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  What is a Looper (engine)

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Author Topic:   What is a Looper (engine)
cjd posted 03-21-2002 10:23 AM ET (US)   Profile for cjd   Send Email to cjd  
I recall reading an offhand comment about a Looper (Bigshot i think)and i was curious if someone could enlighten me as to what this is, and the merits of the design. i am specifically asking about a 1989 evinrude 140 VRO (still connected) that has been decribed to me as a Looper.
No predictions on life here, but was this considered a solid engine? Compressions checks out good, and I am praying for a couple years before repower.


Thanks in advance

chris

hauptjm posted 03-21-2002 10:40 AM ET (US)     Profile for hauptjm    
If I remember correctly, it's a reference to the LOOP Charge ignition system.
Whaletosh posted 03-21-2002 11:13 AM ET (US)     Profile for Whaletosh    
A looper is slang for a 2-stroke motor that has loop charged induction (not ignition). Basically, the shape of the cylinder and pistons are made so that as the fuel/air/oil mix comes into the piston it flows to the top of the piston then loops down to push out the exhaust gas. Most larger outboards made post late 1960's are loopers. Loopers perform better at high RPM due to lighter pistons (which a typically flat topped or closer to flat) and are more fuel efficient than cross flow motors.

Cross flow induction is a motor that has a single induction port so that the fuel/air/oil mix flows in laterally across the cylinder to push out the exhaust gas. Cross flow induction is used in smaller motors because it producesd better idling characteristics. Motors that are used for sailboats, kickers, and small fishing boats typically are idled a lot so good idling is important.

Bigshot posted 03-21-2002 11:24 AM ET (US)     Profile for Bigshot  Send Email to Bigshot     
that 140 is a good engine and if everything checks out, could go another 13 years no problem.
hauptjm posted 03-21-2002 11:35 AM ET (US)     Profile for hauptjm    
I knew someone would get you the correct answer.
peteinsf posted 03-21-2002 11:41 AM ET (US)     Profile for peteinsf    
I recall a 1984 ad that had a tornado inside the cylinder head. I guess the intake gasses swirled.

From 1984 on the "Loop Charged", "Big Block" motors were the 120, 125, 140, 200, 225 and the V8s all were very similar. The all used the same maintenance manual.

The 80's "Cross Flow" (flat head looking) motors date back to the original V4s (40HP I think) and they are the 88, 90, 100, 115, 150 & 175. Later the 150 and 175 switched to the 60deg Mercury configuration that Larry likes.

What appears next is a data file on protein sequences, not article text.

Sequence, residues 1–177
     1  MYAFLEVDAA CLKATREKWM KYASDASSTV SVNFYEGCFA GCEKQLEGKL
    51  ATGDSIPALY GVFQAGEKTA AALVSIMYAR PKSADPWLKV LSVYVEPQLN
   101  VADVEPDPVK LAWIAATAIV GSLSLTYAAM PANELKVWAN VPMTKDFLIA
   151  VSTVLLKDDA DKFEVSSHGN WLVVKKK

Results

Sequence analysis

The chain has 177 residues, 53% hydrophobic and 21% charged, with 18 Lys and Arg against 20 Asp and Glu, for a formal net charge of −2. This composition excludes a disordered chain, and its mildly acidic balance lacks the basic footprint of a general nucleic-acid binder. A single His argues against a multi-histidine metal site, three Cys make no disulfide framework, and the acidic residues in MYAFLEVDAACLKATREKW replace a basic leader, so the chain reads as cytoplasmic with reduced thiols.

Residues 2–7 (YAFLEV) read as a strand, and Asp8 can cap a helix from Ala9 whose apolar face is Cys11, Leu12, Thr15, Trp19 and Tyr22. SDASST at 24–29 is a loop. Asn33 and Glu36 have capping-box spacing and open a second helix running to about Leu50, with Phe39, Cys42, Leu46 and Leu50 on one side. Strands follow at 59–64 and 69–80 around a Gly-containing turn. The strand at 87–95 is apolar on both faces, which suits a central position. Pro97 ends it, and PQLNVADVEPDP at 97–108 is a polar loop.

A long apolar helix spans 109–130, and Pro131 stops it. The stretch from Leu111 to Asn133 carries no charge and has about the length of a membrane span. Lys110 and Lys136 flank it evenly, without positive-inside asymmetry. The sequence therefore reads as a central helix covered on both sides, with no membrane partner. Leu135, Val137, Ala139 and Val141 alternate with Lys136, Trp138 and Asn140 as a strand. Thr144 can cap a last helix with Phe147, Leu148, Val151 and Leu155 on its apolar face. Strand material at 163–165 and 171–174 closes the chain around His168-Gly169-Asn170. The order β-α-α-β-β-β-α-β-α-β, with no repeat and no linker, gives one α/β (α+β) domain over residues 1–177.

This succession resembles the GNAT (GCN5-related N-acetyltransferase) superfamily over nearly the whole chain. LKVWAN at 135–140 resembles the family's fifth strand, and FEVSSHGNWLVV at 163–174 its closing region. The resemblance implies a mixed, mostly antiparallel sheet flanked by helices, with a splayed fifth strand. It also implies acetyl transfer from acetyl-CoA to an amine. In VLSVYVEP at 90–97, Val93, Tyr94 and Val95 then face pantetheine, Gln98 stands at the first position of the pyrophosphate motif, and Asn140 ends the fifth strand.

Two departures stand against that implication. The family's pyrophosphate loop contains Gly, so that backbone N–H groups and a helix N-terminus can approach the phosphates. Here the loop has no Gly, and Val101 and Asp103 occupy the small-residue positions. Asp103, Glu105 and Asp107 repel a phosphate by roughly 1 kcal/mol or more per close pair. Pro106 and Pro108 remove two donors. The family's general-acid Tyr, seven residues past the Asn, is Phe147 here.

I just sold my 86 120 with my Montauk, great motor still running strong!

Pete

cjd posted 03-21-2002 01:29 PM ET (US)     Profile for cjd  Send Email to cjd     
You guys never dissapoint. Thanks so much for the info. The good news is my 1.5 year search may be coming to a close (this weekend), the bad news is an 18 Parker may have edged out the 18 outrage I seek. All things being equal, I would rather have the Outrage, but all things are rarely equal in my world. Thanks and please don't mind my lurking, I will have a whaler someday.

chris

chris

vdbgroup posted 03-21-2002 08:55 PM ET (US)     Profile for vdbgroup  Send Email to vdbgroup     
Chris,

Blessed are the meek for they shall inherit the Boston Whaler. (but only if there are any left).

A Parker? Come on! Retract your cranium now and see the light. Once you get Whaler, you never go back..Ask the man that owns one!

Come on. Think twice, thrice. Just do it!

Regards,
RVdB

vdbgroup posted 03-21-2002 08:57 PM ET (US)     Profile for vdbgroup  Send Email to vdbgroup     
Oh yeah, I forgot.

The V-6 loopers w/ oil injection made in the 88-89 years were noted for the cylinders coking up and the engine blowing.

Also they ran hot, and many mechanics simply removed the thermostats to increase cooling.

Just something to be aware of.

peteinsf posted 03-21-2002 09:09 PM ET (US)     Profile for peteinsf    
Is that why they retro-fitted the VRO system? Or are 88/89's just bad?
cjd posted 03-22-2002 10:43 AM ET (US)     Profile for cjd  Send Email to cjd     
Is it true that you can usually see discoloration on an engine head that has been run real hot?
Bigshot posted 03-22-2002 11:39 AM ET (US)     Profile for Bigshot  Send Email to Bigshot     
If it is white, it can turn brownish. If it was run real hot the paint will peel off. I have also seen engines discolor from age and from Wd-40,etc. If she cooked real good the wiring around it would have some telltales.
cjd posted 03-22-2002 11:58 AM ET (US)     Profile for cjd  Send Email to cjd     
Thanks Bigshot.
Maybe it will fall through, and i'll be back on the outrage hunt, but i suspect a running $5000 outrage might be a little much to ask. I am starting to understand the 0 down crowd a little better. damn

Chris

lhg posted 03-22-2002 05:50 PM ET (US)     Profile for lhg    
The term "Looper" was first used as part of OMC's advertizing for the 3 cylinder 55-70Hp engines (I believe the first loop charged engine introduced), and even today generally refers to OMC loop charged engines.

Mercury never used the term, and Yamaha wasn't even around back then. When the Yamaha's came out, they were all copies of the US products. The powerheads were OMC based, including the 90 degree V-6's, and the lower units were from Mercury.

whalernut posted 03-22-2002 06:19 PM ET (US)     Profile for whalernut  Send Email to whalernut     
I can attest to the inefinciency of a cross flow engine. My 1975 85h.p. Johnson eats a ton of gas at any speed, it is just a pig on useing up 2-6 gal. cas cans!! And this is on a light weight `16 Currituck. Jack.

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